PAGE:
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Parliamentary Reporter. WELLINGTON, this day. The view that Japan was restraining herself for a last desperate, suicidal effort, was expressed by the Prime Minister, Mr. Fraser, in his speech on the New Zealand war effort in the House of Representatives last night.

Mr. Fraser said it was possible at the moment to take too pessimistic a view of the Japanese war and he had also heard considered were too optimistic views. It was difficult, if possible, to get an accurate perspective. At the moment the signs were good. The fact that American and British ships could bombard the coast of the main Japanese islands without retaliation to any extent from land, sea or air might be an indication of an exhausted force, but, he thought, it was an indication of a nation restraining itself for its last desperate suicidal effort.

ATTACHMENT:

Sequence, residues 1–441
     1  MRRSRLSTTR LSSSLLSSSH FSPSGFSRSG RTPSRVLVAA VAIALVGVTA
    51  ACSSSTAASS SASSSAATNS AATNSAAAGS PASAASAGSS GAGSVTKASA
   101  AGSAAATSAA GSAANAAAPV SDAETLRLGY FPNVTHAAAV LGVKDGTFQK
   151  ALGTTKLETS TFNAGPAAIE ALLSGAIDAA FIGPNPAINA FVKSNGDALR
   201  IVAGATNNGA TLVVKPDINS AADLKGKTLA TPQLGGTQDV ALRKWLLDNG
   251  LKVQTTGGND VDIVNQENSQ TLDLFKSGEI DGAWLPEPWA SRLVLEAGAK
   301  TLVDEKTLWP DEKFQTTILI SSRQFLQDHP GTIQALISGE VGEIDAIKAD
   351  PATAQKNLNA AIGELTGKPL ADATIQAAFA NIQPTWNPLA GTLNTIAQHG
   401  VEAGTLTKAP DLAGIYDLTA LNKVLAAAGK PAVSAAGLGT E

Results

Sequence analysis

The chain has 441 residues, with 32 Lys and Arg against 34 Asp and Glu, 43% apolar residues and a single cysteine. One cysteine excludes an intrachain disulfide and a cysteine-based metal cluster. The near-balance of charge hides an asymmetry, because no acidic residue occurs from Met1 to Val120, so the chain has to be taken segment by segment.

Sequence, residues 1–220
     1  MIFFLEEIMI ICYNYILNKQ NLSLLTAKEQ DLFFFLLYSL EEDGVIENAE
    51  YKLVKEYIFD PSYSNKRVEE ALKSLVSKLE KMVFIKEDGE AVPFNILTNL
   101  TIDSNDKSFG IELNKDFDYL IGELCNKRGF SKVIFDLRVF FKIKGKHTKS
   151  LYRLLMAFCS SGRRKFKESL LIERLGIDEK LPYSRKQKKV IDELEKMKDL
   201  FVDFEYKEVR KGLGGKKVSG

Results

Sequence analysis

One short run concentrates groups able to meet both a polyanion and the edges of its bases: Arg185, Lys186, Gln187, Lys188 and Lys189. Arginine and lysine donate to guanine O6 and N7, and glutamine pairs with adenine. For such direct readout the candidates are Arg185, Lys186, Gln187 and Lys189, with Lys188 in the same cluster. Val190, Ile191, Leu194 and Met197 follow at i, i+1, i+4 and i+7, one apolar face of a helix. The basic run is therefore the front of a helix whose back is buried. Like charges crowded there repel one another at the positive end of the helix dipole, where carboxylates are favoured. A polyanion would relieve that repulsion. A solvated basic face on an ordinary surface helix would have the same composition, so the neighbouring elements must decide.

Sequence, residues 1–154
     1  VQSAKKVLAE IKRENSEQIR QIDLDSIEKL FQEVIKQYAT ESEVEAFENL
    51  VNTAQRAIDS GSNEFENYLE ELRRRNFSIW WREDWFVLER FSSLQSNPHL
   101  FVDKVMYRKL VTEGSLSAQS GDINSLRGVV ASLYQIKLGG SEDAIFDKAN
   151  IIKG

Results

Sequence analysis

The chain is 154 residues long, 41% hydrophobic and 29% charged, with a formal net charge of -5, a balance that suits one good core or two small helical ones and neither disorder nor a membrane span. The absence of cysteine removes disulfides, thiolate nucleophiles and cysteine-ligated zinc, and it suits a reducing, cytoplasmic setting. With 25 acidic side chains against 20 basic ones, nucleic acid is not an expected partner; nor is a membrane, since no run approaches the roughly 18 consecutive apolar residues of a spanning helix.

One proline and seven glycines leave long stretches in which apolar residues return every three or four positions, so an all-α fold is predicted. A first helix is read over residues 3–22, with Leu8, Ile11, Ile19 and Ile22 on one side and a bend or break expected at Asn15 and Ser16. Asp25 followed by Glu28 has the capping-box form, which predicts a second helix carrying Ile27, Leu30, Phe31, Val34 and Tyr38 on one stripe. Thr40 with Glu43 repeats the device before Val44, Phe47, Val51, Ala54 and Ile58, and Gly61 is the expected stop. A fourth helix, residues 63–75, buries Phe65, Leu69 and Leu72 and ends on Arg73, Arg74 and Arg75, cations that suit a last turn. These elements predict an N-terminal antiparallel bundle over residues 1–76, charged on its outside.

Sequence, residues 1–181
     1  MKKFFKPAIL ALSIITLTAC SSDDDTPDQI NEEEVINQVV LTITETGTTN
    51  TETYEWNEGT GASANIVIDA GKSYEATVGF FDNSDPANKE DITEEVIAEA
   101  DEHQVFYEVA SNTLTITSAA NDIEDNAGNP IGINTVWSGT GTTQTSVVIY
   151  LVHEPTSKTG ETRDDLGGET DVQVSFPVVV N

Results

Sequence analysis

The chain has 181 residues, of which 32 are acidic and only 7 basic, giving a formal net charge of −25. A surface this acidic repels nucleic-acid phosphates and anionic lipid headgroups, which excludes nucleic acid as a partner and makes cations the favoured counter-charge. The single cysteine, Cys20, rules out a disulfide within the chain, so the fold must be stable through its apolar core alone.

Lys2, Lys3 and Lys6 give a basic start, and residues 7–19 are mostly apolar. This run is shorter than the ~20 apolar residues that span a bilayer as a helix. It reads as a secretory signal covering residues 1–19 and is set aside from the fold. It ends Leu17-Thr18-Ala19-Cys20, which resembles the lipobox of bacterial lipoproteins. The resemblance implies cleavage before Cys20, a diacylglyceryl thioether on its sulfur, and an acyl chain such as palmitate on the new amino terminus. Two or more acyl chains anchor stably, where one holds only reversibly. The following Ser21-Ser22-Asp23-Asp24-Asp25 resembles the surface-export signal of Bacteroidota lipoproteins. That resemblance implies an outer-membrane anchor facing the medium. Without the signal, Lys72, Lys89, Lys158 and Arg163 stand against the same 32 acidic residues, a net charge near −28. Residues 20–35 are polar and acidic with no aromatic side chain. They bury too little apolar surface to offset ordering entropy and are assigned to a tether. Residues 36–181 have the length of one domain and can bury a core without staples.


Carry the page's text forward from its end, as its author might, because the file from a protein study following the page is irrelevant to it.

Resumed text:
The latest and most authoritative information in round figures was that Japan still had 4,579,000 troops at its disposal. But, thank heavens, said Mr. Fraser, they were spread out. The tentacles of the octopus had spread out and had not been kept wrapped around the body, and it might be possible for the Allied forces to strike at the heart of the octopus with the result that many of the remaining tentacles would fall off. He hoped that would come about.

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Bibliographic details

"SIGNS GOOD", Auckland Star, Volume LXXVI, Issue 182, 3 August 1945

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"SIGNS GOOD" Auckland Star, Volume LXXVI, Issue 182, 3 August 1945

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